I learned Wednesday evening that Cocoa was not our only pet with anxiety. As the bunco guests began to arrive, I retreated with Autumn into the bonus room and closed the door. I hoped she would lay at my feet while I clickety-clacked away at my keyboard, but she had other concerns. She knew her girls – my wife and daughter – were downstairs, and they were with strangers. This created an unbearable tension for our one-year -old labradoodle, and for the next two hours she scratched at the door, paced the room, and begged me to let her out. I did what I could to reassure her, speaking in gentle tones, and trying to pet away her concerns, but she was inconsolable. As I sat at my desk, she sat at my feet, looking into my eyes and pleading with me. She whimpered, yelped, and barked her frustrations to me. I knew she would be o.k., but she did not share my belief, and it broke my heart a little. I’d been here before.
More than ten years ago, I was putting my daughter to bed when she told me, in no uncertain terms, that she needed to see her grandmother. Grandma lives on the other side of town, and it was bedtime. This was not a rational request. There was no reason my daughter needed to see her grandma, but as I persisted in denying her request, it became clear that this was not about reason. This was a desperate need based on my daughter’s feeling that she might die if she did not see her grandmother at that moment. I didn’t know what to do, and I told her no and reassured her it would be o.k. She begged, pleaded, and demanded, and, still, I said no. I didn’t know it then, but this was anxiety, and it scared me.
I’ve learned a lot about anxiety since then. My daughter continues to struggle with it, but she has gotten help, and it’s much more manageable these days. It is a part of who she is, but it doesn’t define her. She is among the most creative, generous, and loving – not to mention funny – people I know, but that pot of anxiety is always simmering on the back burner. Anxiety sucks.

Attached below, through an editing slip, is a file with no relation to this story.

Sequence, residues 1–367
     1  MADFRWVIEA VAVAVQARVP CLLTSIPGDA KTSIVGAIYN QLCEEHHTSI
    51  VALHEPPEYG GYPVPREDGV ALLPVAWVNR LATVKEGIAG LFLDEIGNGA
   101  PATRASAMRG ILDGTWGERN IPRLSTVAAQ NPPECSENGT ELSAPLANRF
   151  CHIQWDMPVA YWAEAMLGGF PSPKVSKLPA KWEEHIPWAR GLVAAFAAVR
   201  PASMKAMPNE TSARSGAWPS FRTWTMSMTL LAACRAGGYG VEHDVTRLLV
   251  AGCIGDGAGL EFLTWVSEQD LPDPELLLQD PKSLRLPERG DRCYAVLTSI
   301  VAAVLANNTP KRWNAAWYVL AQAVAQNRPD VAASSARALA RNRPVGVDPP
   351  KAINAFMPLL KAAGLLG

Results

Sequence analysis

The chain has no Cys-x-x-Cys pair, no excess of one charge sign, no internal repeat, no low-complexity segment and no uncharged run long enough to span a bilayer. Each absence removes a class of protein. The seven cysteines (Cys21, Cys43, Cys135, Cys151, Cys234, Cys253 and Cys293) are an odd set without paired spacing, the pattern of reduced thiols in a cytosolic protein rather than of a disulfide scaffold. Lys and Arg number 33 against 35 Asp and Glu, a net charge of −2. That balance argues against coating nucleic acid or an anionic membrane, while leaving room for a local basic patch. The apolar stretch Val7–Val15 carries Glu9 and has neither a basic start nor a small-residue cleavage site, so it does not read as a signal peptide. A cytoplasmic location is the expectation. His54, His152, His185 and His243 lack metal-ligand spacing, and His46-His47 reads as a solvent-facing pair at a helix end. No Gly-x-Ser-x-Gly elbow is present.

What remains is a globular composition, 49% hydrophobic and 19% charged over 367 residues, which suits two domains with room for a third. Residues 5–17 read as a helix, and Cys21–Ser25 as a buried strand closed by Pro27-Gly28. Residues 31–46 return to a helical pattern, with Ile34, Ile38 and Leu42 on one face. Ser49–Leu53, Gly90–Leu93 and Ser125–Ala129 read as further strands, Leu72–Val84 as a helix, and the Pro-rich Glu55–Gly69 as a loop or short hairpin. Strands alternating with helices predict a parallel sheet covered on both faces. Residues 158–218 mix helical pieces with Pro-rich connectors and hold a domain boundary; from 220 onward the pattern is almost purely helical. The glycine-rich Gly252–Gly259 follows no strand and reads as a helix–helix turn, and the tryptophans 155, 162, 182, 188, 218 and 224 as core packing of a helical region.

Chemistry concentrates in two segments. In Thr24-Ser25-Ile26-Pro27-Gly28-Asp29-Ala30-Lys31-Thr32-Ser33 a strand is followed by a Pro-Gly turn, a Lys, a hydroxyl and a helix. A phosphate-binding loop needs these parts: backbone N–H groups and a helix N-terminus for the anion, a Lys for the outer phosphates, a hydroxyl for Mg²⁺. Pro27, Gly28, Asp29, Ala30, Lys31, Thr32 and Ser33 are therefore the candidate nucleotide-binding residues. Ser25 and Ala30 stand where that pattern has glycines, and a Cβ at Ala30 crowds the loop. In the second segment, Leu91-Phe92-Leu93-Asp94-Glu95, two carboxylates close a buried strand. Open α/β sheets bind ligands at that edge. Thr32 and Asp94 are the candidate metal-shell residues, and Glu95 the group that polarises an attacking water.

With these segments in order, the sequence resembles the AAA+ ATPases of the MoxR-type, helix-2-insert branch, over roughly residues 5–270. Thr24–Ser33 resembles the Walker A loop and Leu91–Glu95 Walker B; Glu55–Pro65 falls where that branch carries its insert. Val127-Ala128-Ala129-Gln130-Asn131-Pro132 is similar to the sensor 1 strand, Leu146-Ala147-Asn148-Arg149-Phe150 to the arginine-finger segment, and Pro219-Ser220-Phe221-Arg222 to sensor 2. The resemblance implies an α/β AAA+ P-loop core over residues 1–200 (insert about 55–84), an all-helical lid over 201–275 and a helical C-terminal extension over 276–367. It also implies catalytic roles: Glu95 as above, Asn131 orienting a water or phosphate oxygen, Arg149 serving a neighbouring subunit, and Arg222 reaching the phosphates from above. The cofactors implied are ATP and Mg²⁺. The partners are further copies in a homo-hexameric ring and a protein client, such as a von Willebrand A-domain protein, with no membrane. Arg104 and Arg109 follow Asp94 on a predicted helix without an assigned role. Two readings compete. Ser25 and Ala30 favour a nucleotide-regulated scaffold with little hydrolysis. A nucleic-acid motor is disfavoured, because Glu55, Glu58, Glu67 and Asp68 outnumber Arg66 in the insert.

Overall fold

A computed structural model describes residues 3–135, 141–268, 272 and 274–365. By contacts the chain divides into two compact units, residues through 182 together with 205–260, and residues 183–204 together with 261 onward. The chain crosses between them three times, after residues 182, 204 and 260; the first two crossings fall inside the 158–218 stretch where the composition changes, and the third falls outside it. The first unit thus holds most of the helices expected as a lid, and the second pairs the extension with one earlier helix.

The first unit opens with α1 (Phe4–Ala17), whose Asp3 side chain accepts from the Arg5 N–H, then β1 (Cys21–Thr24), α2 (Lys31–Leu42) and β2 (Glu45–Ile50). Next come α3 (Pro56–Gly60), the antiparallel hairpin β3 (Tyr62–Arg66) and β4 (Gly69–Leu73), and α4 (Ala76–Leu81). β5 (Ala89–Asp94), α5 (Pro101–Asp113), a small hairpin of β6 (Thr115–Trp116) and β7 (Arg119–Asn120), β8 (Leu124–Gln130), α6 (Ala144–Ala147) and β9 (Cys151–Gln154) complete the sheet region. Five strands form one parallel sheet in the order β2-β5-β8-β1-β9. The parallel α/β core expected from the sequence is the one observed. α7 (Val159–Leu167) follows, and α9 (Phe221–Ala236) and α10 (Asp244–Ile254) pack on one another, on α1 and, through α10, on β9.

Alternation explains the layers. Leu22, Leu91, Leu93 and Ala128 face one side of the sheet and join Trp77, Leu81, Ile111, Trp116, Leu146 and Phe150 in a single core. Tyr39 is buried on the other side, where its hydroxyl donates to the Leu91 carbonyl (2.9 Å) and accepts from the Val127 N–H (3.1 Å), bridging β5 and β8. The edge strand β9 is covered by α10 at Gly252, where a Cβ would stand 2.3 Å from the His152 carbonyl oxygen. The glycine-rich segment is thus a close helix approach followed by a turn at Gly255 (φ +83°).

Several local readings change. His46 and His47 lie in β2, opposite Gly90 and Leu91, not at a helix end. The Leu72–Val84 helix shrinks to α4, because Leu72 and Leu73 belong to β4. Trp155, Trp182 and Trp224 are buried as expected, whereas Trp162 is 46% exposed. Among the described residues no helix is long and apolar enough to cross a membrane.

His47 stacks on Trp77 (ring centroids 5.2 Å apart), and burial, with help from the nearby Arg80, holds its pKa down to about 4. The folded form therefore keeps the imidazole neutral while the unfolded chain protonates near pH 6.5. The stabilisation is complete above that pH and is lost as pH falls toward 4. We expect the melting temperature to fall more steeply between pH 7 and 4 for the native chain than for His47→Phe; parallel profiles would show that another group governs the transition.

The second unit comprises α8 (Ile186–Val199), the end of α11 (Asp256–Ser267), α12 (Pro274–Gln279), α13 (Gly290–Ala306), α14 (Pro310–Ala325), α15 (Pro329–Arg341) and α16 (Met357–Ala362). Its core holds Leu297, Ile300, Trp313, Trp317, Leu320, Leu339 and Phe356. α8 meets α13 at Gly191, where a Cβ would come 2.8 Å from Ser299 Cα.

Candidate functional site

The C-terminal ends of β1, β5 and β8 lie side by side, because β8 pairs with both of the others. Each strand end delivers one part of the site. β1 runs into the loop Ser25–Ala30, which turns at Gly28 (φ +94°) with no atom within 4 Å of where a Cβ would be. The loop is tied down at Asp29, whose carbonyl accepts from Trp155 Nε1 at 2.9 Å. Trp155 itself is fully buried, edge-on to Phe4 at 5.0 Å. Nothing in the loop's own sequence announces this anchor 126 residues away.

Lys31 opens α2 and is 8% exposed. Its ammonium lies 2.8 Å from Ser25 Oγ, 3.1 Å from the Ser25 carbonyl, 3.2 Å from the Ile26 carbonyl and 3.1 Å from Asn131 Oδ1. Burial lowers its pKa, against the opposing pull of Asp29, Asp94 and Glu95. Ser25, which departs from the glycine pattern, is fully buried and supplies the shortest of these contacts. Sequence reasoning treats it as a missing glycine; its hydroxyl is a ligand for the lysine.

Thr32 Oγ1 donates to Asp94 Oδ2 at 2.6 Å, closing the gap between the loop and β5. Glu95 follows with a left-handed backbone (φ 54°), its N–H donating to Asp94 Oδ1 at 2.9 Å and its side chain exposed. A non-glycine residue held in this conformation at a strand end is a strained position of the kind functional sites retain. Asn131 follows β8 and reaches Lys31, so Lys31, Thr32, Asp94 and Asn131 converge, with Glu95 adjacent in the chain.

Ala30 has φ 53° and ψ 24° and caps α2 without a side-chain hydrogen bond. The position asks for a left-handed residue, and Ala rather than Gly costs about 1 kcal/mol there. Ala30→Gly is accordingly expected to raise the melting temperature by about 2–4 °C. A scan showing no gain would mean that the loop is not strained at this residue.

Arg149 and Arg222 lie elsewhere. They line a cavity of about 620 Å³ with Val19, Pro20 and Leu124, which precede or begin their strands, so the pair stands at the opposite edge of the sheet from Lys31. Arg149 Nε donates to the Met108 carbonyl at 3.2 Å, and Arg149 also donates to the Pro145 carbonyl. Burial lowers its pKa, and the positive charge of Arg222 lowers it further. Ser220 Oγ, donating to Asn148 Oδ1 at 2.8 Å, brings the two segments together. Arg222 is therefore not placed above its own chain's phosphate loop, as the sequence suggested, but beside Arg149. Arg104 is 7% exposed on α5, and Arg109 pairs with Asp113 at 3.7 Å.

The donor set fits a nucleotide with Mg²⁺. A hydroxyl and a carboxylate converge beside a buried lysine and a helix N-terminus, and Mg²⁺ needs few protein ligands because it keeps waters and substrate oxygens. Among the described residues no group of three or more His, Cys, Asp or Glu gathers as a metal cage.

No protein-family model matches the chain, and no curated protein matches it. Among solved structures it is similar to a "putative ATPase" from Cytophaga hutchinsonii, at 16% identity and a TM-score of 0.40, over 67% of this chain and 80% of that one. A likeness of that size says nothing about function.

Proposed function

The bunco party came to an end, and Autumn Islay was happily reunited with her girl, my daughter. Autumn is going to become a therapy dog, helping others manage their sometimes crazy feelings. My daughter will work with her on the training and certification. Together, they will make a difference in other people’s lives, based in part on their shared understanding of the pain that our brains can put us through.
My anxiety about delving back into my pile of notes about traveling through Europe is nowhere near as debilitating as what my girls have experienced, but I gain strength from their courage.
P.S., I may have caused Autumn to have another panic attack Thursday night. I was cheering, that is shouting, so vociferously as I watched my Oakland Raiders win a last second victory over the Kansas City Chiefs, she ran from the room and hid under my wife’s desk. When I’m watching the Raiders, I’m not my rational, mild-mannered self. Sorry about that, Autumn. Since the Raiders aren’t playing on this football Sunday, I should be able to spend some time writing about Switzerland. I promise not to yell, so feel free to sit at my feet while I clickety-clack away.